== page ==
The Washington Redskins remembered George Allen yesterday as an eccentric genius, a man not only obsessed with winning games, but with the power and wealth and fame that went with it. They remembered him as a man who would stroll through the front offices, approach a secretary and abruptly ask: "Is what you're doing helping us win football games?"

More than one staffer stammered to come up with an answer when the task might be making copies of press releases or eating lunch. Several of them remember a meeting when Allen said no one would get raises that year, since the Redskins hadn't won enough games.

The Redskins remembered him as obsessed with detail, a man who would walk down the hallways at Redskin Park, point to a picture hanging crooked on the wall and shake his head.

"Sometimes I wonder if the organization knows what winning is all about," Allen would say.

He once patrolled the sidewalk near a practice field looking for the pull rings from soda cans. He was convinced receiver Roy Jefferson had slipped and fallen because of one of those tops and he wanted to make sure it didn't happen again.

He would send staffers out for midnight milkshakes and once when Charley Casserly, then a rookie intern in the front office, had done the advance work for a game in New York, one of his instructions was that when the team bus pulled up to the hotel, someone should be waiting for Allen with a chocolate milkshake in hand.

Allen died Monday at 72, and Casserly, now the Redskins' general manager, laughs about the milkshake, admitting he never exactly knew whether it was for thirst or good luck. What he does remember more precisely is that the Giants beat the Redskins, 20-17, that weekend in the opening game of the 1977 season.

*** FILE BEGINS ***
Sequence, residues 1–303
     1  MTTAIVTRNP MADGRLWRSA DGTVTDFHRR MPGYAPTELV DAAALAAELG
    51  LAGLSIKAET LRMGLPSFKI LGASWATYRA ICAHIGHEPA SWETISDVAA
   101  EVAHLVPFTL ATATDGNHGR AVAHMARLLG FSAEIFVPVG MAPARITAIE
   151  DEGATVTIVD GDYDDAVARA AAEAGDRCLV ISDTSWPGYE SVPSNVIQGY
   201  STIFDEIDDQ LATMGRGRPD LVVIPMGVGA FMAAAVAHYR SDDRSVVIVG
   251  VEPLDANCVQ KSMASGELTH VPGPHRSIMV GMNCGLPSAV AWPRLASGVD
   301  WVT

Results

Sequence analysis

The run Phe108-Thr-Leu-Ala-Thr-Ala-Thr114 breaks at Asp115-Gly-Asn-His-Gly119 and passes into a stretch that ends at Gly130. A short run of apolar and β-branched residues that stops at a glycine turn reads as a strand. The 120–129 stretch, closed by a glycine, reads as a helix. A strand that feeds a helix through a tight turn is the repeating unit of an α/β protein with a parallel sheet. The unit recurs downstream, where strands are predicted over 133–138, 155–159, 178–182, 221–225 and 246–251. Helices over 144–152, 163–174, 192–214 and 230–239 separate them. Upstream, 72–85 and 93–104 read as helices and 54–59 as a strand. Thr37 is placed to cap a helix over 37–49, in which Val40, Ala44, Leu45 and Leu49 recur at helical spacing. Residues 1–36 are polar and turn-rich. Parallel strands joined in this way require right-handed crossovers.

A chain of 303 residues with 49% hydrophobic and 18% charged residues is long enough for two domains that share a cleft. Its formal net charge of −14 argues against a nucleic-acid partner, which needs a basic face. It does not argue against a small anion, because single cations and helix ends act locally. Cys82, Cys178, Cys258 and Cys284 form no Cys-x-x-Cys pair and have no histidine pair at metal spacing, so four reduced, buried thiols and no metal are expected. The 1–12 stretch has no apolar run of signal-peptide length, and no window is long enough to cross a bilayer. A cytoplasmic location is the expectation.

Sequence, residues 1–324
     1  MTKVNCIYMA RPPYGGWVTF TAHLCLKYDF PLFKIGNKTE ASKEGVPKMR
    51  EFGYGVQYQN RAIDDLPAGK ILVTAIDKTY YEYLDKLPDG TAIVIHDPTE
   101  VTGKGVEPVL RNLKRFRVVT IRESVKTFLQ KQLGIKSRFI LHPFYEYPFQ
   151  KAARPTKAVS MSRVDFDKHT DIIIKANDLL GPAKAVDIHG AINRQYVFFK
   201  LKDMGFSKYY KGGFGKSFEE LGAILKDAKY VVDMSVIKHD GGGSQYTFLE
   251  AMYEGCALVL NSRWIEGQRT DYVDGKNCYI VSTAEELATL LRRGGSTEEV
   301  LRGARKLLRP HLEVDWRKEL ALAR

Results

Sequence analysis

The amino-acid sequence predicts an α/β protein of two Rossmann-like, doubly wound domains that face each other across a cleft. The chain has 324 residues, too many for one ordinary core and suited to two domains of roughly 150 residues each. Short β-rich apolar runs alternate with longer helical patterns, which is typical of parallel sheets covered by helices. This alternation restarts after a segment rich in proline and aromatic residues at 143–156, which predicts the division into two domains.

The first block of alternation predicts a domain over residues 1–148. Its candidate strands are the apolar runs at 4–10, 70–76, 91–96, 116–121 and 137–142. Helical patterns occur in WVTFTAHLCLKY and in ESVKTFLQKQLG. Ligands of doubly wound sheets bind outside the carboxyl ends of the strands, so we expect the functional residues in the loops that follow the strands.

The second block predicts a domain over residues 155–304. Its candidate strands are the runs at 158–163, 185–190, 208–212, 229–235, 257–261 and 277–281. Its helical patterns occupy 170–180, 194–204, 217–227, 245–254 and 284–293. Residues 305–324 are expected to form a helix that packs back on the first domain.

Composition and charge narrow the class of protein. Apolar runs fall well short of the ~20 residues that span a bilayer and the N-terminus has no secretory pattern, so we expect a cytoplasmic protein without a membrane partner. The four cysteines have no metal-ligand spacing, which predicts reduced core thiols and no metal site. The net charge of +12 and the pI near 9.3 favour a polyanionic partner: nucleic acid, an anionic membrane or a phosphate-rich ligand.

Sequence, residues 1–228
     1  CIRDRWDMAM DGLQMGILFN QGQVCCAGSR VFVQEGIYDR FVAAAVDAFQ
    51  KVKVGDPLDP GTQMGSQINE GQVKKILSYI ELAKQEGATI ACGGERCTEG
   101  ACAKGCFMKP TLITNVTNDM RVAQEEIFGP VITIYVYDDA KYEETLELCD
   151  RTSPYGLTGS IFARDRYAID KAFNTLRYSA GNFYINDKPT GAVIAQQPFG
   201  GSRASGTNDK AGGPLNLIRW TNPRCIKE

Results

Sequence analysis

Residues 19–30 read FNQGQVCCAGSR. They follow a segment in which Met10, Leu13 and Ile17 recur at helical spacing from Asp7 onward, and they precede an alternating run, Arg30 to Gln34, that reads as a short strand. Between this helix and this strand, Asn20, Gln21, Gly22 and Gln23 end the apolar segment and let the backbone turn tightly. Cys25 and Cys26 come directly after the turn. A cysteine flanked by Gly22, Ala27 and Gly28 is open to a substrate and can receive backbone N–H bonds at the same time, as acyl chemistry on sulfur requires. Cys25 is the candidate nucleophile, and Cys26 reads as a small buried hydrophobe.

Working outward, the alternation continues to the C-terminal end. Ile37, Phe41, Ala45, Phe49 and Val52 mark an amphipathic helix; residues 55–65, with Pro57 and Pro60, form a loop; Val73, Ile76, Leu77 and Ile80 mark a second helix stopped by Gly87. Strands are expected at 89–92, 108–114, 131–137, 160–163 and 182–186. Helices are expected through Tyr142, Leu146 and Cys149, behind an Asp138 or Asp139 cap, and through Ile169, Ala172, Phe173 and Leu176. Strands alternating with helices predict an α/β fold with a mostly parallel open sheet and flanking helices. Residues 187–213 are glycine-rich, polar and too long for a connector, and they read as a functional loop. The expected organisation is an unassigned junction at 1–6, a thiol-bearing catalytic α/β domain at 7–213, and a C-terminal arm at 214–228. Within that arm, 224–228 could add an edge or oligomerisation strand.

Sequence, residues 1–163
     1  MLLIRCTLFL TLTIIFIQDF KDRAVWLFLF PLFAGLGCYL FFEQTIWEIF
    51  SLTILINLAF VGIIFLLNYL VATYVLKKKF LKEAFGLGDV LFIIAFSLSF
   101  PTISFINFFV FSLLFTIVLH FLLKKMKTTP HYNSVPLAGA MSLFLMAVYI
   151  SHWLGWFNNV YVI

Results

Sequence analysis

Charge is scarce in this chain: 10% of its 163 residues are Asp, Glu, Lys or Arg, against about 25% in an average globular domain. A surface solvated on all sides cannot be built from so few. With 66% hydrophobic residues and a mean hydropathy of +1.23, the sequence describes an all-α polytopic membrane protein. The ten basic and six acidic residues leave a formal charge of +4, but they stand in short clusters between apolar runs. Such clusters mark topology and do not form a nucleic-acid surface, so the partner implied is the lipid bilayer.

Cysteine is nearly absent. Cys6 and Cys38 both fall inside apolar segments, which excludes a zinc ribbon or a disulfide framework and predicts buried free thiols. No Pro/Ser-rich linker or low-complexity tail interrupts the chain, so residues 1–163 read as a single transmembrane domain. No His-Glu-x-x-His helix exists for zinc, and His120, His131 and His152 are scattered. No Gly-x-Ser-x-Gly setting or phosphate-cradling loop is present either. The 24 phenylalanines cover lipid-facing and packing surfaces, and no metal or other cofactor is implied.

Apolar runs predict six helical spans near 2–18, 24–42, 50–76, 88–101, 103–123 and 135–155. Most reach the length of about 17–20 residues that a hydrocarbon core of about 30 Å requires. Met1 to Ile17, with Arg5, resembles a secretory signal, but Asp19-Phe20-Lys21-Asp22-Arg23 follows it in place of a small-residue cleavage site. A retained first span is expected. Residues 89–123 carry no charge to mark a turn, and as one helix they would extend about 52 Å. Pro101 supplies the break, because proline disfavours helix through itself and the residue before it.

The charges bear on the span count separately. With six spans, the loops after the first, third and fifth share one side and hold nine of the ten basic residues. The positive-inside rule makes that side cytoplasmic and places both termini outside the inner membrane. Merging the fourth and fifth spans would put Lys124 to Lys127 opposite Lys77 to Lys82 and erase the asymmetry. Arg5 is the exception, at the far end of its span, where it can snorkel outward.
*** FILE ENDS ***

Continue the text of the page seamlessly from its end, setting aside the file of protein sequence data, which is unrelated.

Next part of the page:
It was the only opening game Allen lost with the Redskins, and when it was over he told Casserly he wouldn't be advancing any more games.

"Just go back on the road and scout," Allen said.

Mostly, the Redskins remembered Allen as a man who was given complete control of the team and who spent millions of the team's dollars. Few NFL coaches had ever had such authority and no one had ever used it as Allen did.

He dreamed of a secluded, modern practice facility, and he got it. When then team president Edward Bennett Williams and the board of directors told Allen they would try to budget for Redskin Park in a year or so, Allen told them: "Gentlemen, the future is now."

That became a catch phrase for his seven seasons in Washington, for teams that made the playoffs five times and got to one Super Bowl.

The Redskins had been NFL whipping boys for 25 years before Allen's arrival, but since the day he arrived in 1971 the Redskins have been to the playoffs 11 times in 20 seasons and played in four Super Bowls.